As a thirty-something woman, I’ve come to appreciate several things I either took for granted or simply hated in my younger years. I don’t dislike my crooked nose nearly as much as I used to, for instance. I know my vices and can sometimes even avoid them. I know what I’m good at professionally, I have wonderful friends, my house and my wardrobe increasingly reflect who I am, and I’m not scared to try something new, even if it ends in certain defeat.
Through good times and bad in the last few years, I’ve always felt like at the very least I know who I am. Things may not go my way … but I’ll come out on the other end eventually. Forever Jax. Forever Zesty.
Some days, though, waiting for a new door to open can be tiresome. I’ve been tired for a little while now, in fact. Tired of waiting for the next topographic feature on the road of life to appear, be it a bump, a detour, or — dare I dream — an off-ramp to something good.
There have been some false starts that make the wait worse. Mistakes have been made. Hopes have been raised then lowered. Friends have been lost. New friends have arrived. Even as I type, I know I’m not just describing now, but also life in general, and knowing we’re all in this place at one time or another is comforting to an extent.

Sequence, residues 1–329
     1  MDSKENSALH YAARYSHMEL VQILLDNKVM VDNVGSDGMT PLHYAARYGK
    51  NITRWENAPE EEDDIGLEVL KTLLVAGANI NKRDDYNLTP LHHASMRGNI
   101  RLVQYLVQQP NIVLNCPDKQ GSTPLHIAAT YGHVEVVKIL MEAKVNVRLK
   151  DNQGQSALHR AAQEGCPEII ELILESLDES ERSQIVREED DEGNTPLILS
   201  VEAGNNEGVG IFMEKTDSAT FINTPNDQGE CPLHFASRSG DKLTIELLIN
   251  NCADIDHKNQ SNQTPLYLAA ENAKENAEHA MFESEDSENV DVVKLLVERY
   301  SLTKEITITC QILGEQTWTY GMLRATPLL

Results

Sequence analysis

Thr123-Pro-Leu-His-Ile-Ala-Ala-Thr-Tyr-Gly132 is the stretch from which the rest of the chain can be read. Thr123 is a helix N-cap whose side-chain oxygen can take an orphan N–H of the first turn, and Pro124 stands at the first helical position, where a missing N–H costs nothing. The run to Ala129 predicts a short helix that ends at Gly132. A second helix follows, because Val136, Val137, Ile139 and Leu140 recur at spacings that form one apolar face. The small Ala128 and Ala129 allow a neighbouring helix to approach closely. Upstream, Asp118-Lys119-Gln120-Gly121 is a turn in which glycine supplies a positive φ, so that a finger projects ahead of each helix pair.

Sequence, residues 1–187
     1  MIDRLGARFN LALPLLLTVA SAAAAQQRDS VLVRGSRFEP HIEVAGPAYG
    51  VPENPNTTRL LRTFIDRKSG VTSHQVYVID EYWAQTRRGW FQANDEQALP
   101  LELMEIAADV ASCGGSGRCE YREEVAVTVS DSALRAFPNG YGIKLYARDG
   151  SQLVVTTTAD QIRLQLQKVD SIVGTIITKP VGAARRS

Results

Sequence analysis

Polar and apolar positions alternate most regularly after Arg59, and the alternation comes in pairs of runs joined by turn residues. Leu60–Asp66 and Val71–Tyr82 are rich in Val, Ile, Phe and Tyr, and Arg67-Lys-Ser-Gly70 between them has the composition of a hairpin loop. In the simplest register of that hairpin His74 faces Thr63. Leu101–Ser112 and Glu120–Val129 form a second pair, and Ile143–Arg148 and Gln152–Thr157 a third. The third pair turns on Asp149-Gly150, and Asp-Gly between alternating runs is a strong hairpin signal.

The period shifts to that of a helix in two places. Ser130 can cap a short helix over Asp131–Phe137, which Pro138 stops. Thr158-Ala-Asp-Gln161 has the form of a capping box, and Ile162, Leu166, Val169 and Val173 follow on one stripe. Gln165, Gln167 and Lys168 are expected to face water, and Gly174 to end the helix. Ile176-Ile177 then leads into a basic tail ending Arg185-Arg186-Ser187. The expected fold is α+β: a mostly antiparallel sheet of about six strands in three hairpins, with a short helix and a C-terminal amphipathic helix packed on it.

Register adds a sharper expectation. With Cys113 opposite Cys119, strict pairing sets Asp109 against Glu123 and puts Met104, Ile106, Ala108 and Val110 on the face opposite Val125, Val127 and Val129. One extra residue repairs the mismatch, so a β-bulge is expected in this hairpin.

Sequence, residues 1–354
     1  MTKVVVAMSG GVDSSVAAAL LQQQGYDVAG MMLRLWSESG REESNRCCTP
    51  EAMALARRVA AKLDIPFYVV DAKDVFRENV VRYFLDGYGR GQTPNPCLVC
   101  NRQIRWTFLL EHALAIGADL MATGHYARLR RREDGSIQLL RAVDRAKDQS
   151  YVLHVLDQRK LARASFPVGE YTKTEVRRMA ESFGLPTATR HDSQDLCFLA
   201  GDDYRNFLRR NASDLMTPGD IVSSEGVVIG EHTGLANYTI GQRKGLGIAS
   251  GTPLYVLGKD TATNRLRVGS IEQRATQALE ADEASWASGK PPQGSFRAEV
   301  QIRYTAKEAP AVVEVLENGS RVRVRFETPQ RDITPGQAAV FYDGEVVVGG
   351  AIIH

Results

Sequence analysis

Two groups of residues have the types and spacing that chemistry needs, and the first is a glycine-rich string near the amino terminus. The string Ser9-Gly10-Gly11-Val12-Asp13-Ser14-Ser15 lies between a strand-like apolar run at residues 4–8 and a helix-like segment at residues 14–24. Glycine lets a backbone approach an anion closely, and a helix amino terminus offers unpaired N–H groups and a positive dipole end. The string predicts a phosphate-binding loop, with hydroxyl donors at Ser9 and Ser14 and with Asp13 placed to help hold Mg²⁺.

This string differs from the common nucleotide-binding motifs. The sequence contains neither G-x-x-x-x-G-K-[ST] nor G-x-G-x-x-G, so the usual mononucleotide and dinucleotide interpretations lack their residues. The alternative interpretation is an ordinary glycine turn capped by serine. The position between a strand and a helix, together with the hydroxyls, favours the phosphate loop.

But as I tried to explain during my most recent false start, logic and emotion are two different things. Logos and pathos. Head and heart. Does one who knows herself understand, for instance, that a snub has more to do with the other person that it does with her? Sure, I get that. It doesn’t make it hurt any less.
The trait of sensitivity isn’t one I’m looking to squash, either, despite suggestions to the contrary. If I turn into a hard-hearted, cynical, pessimistic shrew who assigns all blame to anyone who ever ripped my heart out and threw it on an open flame, I’m no longer thinking separately with my brain and my soul. Not to mention my tears are still my own to cry.
So in the interest of living and learning, I’m embracing a little bit of sadness today. It’s never a joy to watch something die on the vine, but I’ll keep believing that the death is making room for future growth, and try to stay focused on what I already know to be true: writer, thinker, foodie, musician, laugher, joker, imbiber, friend, kayaker, traveler, dreamer, and for the time-being, loner.
But not alone.